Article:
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Temperature-dependent appearance of forensically useful flies on carcasses.

Matuszewski S, Szafałowicz M, Grzywacz A - Int. J. Legal Med. (2013)

Bottom Line: Adult and oviposition PAI of Calliphora vomitoria and adult PAI of Hydrotaea pilipes were not related to temperature.Adult and oviposition PAI of Lucilia sericata and Lucilia caesar responded similarly, with an abrupt and large increase in a narrow range of low temperatures and no response in a broad range of high temperatures.Probably, different mechanisms form the basis for the response of PAI to temperature in flies colonizing carcasses shortly after death and flies colonizing carcasses later in the decomposition process.

View Article: PubMed Central - PubMed

Affiliation: Laboratory of Criminalistics, Adam Mickiewicz University, Św. Marcin 90, 61-809, Poznań, Poland, szymmat@amu.edu.pl.

ABSTRACT
Flies are frequently used for postmortem interval (PMI) estimations. These estimates are usually based on the age of larval or pupal specimens. However, the age defines only the minimum PMI. In order to move forensic entomology further, a method useful for the estimation of an interval preceding insect appearance on a corpse called the pre-appearance interval (PAI) is needed. Recently, it was demonstrated that the PAI of several carrion beetles is closely related to the temperature prevailing throughout this interval. Hence, it was postulated to estimate PAI from temperature. In order to check premises for using this approach with flies, a test of the relationship between adult or oviposition PAI and temperature was made for nine species of European flies. Data on PAI originated from pig carcasses decomposing under various temperatures. Adult PAI of Hydrotaea dentipes, Hydrotaea ignava, Hydrotaea similis, Phormia regina, and Stearibia nigriceps and oviposition PAI of S. nigriceps were exponentially related to temperature. Only S. nigriceps revealed a close relationship, demonstrating solid premises for PAI estimation from temperature alone. Adult and oviposition PAI of Calliphora vomitoria and adult PAI of Hydrotaea pilipes were not related to temperature. Adult and oviposition PAI of Lucilia sericata and Lucilia caesar responded similarly, with an abrupt and large increase in a narrow range of low temperatures and no response in a broad range of high temperatures. Probably, different mechanisms form the basis for the response of PAI to temperature in flies colonizing carcasses shortly after death and flies colonizing carcasses later in the decomposition process.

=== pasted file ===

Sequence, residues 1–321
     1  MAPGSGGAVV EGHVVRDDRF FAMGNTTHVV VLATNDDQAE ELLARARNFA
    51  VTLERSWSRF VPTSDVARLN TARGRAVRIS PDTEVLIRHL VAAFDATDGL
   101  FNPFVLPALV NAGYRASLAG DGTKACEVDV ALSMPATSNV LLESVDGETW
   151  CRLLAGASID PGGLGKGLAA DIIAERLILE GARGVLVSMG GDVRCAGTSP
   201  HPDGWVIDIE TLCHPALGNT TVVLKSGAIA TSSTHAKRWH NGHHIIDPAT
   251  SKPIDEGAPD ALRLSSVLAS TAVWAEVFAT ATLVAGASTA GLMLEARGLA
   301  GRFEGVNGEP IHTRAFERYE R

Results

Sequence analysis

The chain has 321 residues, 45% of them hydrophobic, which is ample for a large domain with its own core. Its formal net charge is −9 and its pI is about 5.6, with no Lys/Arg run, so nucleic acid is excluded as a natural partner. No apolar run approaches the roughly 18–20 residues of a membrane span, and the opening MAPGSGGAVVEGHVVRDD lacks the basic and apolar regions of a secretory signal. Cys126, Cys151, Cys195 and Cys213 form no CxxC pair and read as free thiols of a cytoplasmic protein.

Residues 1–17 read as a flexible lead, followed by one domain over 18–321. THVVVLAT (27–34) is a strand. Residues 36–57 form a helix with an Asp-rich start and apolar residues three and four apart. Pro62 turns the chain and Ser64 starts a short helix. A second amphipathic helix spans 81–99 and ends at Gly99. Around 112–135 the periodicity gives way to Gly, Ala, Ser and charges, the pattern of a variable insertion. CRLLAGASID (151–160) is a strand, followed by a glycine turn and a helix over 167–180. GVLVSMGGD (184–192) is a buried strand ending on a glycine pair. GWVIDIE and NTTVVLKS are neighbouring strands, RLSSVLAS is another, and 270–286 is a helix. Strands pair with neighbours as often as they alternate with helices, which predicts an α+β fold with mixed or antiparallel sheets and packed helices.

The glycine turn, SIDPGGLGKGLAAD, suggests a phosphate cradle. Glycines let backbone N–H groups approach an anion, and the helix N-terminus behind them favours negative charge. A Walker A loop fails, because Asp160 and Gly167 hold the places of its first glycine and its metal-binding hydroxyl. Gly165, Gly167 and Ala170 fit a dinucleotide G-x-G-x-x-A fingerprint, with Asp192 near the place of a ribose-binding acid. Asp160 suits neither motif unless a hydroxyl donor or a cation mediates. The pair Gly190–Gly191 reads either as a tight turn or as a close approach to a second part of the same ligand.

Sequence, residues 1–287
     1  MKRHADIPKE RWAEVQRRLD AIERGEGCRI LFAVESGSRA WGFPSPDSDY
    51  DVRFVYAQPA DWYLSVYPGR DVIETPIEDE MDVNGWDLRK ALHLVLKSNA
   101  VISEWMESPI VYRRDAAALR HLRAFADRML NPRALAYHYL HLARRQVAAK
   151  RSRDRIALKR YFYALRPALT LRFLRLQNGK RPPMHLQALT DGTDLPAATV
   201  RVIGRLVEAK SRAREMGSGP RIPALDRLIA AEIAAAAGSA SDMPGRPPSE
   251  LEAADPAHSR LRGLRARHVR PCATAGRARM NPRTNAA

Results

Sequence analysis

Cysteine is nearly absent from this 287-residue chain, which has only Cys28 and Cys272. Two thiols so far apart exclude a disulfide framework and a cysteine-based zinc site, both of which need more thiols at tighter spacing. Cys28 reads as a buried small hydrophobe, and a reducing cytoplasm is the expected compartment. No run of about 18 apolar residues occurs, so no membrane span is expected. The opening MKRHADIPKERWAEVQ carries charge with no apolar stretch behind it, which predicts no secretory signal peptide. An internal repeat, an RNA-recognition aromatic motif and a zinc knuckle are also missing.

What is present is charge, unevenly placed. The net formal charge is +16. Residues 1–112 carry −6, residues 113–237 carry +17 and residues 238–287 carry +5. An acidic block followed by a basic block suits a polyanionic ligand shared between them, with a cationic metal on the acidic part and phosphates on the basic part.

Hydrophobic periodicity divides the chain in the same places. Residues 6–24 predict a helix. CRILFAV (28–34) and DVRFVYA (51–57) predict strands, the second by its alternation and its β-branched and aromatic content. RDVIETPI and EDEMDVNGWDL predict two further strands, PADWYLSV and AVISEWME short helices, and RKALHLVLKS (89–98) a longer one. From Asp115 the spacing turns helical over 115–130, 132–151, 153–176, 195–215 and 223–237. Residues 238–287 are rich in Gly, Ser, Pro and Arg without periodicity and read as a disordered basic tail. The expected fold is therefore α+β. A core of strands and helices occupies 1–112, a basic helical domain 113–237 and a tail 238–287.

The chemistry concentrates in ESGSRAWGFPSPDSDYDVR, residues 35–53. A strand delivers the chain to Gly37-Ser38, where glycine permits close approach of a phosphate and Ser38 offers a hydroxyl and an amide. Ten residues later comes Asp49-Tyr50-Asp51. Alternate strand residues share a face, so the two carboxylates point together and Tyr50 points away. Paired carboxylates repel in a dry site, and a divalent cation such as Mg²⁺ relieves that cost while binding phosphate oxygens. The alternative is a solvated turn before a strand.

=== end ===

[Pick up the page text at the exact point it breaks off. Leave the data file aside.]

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The PAI and ground-level temperatures averaged for the duration of PAI for L. caesar and L. sericata
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Fig4: The PAI and ground-level temperatures averaged for the duration of PAI for L. caesar and L. sericata

Mentions: Adult and oviposition PAI of L. caesar and L. sericata responded similarly to temperature (Fig. 4). In a high temperature range, PAI was more or less constant and unrelated to temperature (Fig. 4). Under daily average temperatures above 17 °C, the oviposition of L. caesar was always recorded within the first 12 h postmortem, whereas in the case of L. sericata, it started, in each case, with temperatures above 18 °C within the first 35 h after death (Fig. 4). In a low temperature range, adult and oviposition PAI of L. caesar responded erratically to the temperature with some cases near the minimum PAI and some cases largely above the minimum PAI (Fig. 4). In the case of L. sericata, the response of PAI to low temperature was similar, although less erratic (Fig. 4). For both species and both kinds of PAI, the low temperature change in PAI may be represented by a near-vertical line (Fig. 4).Fig. 4